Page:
Psalm 130; 1 Kings 12:25–13:22; John 16:17–33

Psalm 130: This brief penitential psalm opens with the psalmist’s cri de coeur, “From the depths I called You, Lord./ Master, hear my voice.” (1) He intensifies his urgency by asking, “May Your ears listen close to the voice of my plea.” (2a) The idea of living without God’s response is agonizing: “Master, who could endure?” (3b) And why the urgenccy for God to hear? Because only God is capable of forgiving our sins: “Forgiveness is Yours,/ so that You may be feared.” (4)

But so much of our relationship with God requires patience and undying hope: “I hoped for the Lord,/ my being hoped,/ and for His word I waited.” (5) This patient waiting is amplified in the next verse with a powerful comparison as the psalmist’s entire existence is encapsulated in eager anticipation of God’s response: “My being for the Master—/ more than dawn watchers watch for the dawn.” (6)

In the last two verses the psalm suddenly shifts from the first person to the collective Israel, as the hopeful anticipation is on behalf of the entire nation as God’s two greatest qualities come to the fore: “Wait, O Israel, for the Lord,/ for with the Lord is steadfast kindness,/ and great redemption is with Him.” (7) Even though Israel is awash in its sinfulness, the psalmist is sure of one great thing about a God who listens to prayer: “And he will redeem Israel/ from all its wrongs.” (8) God’s kindness and redemption will inevitably come, but when only we ask—and then wait patiently.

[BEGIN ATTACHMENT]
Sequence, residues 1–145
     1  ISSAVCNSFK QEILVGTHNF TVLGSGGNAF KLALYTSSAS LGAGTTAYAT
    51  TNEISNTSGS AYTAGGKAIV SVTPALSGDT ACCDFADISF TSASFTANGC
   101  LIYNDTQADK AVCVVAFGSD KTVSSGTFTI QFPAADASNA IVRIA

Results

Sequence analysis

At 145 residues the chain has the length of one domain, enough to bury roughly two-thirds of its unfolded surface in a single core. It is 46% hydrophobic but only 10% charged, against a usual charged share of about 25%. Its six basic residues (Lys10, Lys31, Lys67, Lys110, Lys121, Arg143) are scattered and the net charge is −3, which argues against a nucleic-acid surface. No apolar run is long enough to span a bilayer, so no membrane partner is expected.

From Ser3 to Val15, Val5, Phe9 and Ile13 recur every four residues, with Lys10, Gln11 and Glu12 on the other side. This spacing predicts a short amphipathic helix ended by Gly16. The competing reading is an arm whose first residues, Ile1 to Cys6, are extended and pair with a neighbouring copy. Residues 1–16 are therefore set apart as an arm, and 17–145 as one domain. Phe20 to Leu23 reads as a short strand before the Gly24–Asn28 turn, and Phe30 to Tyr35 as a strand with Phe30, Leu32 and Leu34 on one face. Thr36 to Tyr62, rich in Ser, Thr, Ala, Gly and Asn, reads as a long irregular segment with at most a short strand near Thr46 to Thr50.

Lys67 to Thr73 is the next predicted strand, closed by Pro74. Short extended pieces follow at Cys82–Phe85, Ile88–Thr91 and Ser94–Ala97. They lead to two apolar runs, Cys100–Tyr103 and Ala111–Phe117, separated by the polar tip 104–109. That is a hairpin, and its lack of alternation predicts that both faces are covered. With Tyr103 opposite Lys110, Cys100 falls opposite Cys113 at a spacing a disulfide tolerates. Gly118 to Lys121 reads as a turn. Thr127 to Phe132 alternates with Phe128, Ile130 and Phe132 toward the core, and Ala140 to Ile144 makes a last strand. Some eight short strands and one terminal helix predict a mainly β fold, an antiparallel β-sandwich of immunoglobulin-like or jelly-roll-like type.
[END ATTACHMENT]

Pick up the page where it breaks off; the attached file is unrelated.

1 Kings 12:25–13:22: It doesn’t take newly-crowned king Jeroboam very long to lead the ten northern tribes of Israel astray. Concerned that his people will keep going down to Jerusalem to offer sacrifices and be tempted to “revert to the house of David,” (12:26), which would result in him being overthrown by King Rehoboam and killed. So, he sets up two alternative worship sites, each featuring a golden calf, at Bethel and Dan. Even worse, he appoints non-Levite priests. The long descent of the northern kingdom into apostasy begins early on.

Disapproval is quick in coming. “Jeroboam was standing by the altar to offer incense, a man of God came out of Judah by the word of the Lord to Bethel.” (13:1) Needless to say, this unnamed prophet is quick to condemn the altar and predicts that “A son shall be born to the house of David, Josiah by name.” (13:2) [The authors know Josiah’s name because they’re writing history and know who came.] Worse, the prophet predicts that Jeroboam and his ersatz priests will themselves be killed sacrificed on this very altar, which will then be destroyed. Jeroboam attempts to reach out and seize this prophetic interloper, but as he does so, his hand withers and the altar is torn down (apparently by God). Jeroboam begs the prophet to pray to God to restore his hand, which the prophet does. The king invites the prophet to dinner, but the prophet rather testily replies (Prophets are inevitably testy), “If you give me half your kingdom, I will not go in with you; nor will I eat food or drink water in this place,” (13:8) because that’s what God instructed him to not do. He departs.